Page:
I’ve had the last few days off work, but living in Strangford village; I’m never too far away from the Lough. This morning, I noticed a large flock of Brent Geese flying over the garden on their way into Castleward Bay. But despite the time of year, these geese are not destined for the Christmas table. Brent are one of our priority species and are therefore protected by law.
No species of bird is more closely associated with Strangford Lough than the Light-bellied Brent goose. These amazing birds cover an incredible distance during their annual migration and it is fantastic to see them returning to our patch of coastline every year.
They are born in early summer on the barren tundra of the Canadian Arctic. As autumn approaches, it becomes inhospitably cold there, so they all head south in search of warmer weather. The entire east Canadian population makes the epic journey over Greenland, Iceland and the Atlantic Ocean to spend the winter months in Ireland. The majority of these birds head straight for Strangford Lough where they gather in huge flocks to feed on the highly nutritious eel grass.
Each autumn, Strangford Lough welcomes about 75% of the entire population which is an incredible sight to witness. This year, their numbers reached 30,000 before they started to disperse and spread out around the entire coast of Ireland. Small flocks will continue to come and go throughout the winter before they start their arduous journey back to their Arctic breeding grounds. But they don’t all leave at once, so you will still be able to see some stragglers here until the end of May.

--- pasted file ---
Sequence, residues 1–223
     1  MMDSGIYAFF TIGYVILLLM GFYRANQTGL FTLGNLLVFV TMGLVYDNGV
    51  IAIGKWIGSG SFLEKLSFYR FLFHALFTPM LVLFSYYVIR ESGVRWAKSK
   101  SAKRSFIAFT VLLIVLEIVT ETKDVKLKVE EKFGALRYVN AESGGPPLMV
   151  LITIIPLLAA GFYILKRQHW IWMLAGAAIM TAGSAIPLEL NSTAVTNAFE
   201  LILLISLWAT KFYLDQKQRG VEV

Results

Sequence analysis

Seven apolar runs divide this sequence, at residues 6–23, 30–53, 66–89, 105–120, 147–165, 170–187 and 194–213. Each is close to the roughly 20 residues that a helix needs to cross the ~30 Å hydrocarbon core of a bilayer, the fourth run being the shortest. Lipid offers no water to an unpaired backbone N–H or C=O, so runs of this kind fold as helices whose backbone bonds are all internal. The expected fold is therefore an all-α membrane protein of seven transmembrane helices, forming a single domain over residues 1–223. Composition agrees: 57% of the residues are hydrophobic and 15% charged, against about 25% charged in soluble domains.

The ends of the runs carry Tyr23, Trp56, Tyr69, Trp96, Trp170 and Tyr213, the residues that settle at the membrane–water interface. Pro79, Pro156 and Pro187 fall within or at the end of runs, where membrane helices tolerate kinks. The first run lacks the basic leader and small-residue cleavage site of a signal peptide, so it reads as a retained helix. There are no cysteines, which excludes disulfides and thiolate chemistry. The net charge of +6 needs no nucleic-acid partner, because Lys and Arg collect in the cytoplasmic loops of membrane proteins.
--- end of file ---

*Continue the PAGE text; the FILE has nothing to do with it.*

If you are lucky enough to get a good view of them out of the water, take a close look at their legs. As part of the Irish Brent Research Group, the National Trust, along with other organisations such as the Wildfowl and Wetlands Trust and the RSPB, has been helping to catch some of the Brent to put individually marked rings on their legs.
This allows us to identify each ringed individual whenever it is subsequently seen. Every time that bird is spotted again, it helps build up a picture of its life. Some individuals have been seen over 30 times during the last few years. Not only do we learn how long they live for and where they go at different times of the year, but we are also learning a lot about which other birds they associate with, within their large, social flocks.
So if you are lucky enough to spot any of these ringed birds, please let us know because it all adds to the fascinating picture of these birds’ lives. A telescope or good binoculars are necessary to get a clear view and a great deal of patience is needed. Each ring will have a single letter or number on it and will have a particular background colour. You need to be careful to record which is the left and the right leg and make a note of the time, date and location. Any other information is also useful, such as whether it was closely associated with a mate or any juveniles. We have to be absolutely sure that we have read the ring correctly so please don’t guess if you couldn’t quite see it properly. A digital camera with a good zoom can be another good way to get a clear view of the rings.
The challenge of ring reading can be surprisingly addictive but it is a very enjoyable way to add a bit of purpose to your bird watching. So we would definitely encourage you to get out there during the Christmas holidays and see how many of these incredible geese you can spot.